Take the UC travel survey and read the latest state-funded travel update
If you travel for work, or book travel on someone else’s behalf, don’t miss these important updates from UC Travel.
Systemwide travel survey
More than a year has passed since the pandemic shut down most of our regular activities. The Central Travel Office is launching the second systemwide survey to explore the UC community’s travel concerns. Your honest and valuable feedback will help the university plan for a return to travel, including relationships with airlines, hotels and agencies at all UC locations. Take the survey here.
Over 1,500 people participated in the first survey last fall. More than 80% identified themselves as regular travelers pre-COVID, and close to 70% anticipated that their travel needs would at least remain the same once travel restrictions have been lifted.
State travel restrictions
On Sept. 27, 2016, Governor Jerry Brown signed into law Assembly Bill No. 1887 (AB1887). The travel restriction prohibits state-funded travel to states that have passed a law after June 26, 2015, that:
- Has the effect of repealing existing state or local protections against discrimination on the basis of sexual orientation, gender identity, or gender expression; or
- Authorizes or requires such discrimination.
The following states are currently subject to California’s ban on state-funded and state-sponsored travel:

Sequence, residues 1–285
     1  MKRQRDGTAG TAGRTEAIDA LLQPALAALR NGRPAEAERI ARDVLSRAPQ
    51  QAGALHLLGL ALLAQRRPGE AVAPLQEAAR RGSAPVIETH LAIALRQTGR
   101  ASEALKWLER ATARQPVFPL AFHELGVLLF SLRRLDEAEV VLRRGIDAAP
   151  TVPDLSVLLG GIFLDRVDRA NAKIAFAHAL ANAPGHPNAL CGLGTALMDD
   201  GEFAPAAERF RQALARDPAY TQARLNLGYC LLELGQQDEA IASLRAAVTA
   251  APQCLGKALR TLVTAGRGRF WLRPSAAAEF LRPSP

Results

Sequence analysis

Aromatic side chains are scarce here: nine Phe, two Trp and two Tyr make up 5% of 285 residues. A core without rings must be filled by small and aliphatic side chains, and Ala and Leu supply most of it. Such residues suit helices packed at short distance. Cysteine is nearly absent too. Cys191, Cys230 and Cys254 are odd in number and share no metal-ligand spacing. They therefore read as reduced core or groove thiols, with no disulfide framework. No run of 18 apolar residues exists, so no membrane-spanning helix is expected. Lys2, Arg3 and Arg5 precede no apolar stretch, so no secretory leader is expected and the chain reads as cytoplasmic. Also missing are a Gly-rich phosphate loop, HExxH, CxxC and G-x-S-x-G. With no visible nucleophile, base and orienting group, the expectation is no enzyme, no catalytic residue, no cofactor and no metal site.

How are “state funds” defined?
State funds have been identified by the systemwide Budget Office as encompassing all State General Funds and State Special Fund appropriations to a campus, e.g. D9900. If you are unsure, check with your designated budget coordinator.
What does it mean for travel to be “state-funded”?
The statute does not define the term “state-funded.” UC Legal has interpreted the restriction on the use of state funds to apply to direct expenditures for travel-related costs (e.g. hotel and transportation), but not the salaries or time spent by employees who travel to one of the identified states.
If an outside entity is funding (reimbursing UC) the travel to one of the prohibited states, is it permissible to reimburse the traveler using these funds?
Yes. Assuming the outside entity (third party) is not a California state entity, then:
- The third party itself wouldn’t have any burden of complying with AB 1887; and
- It wouldn’t matter whether the third party pays for the travel directly or gives UC the money for UC’s use in reimbursing the employee for travel expenses.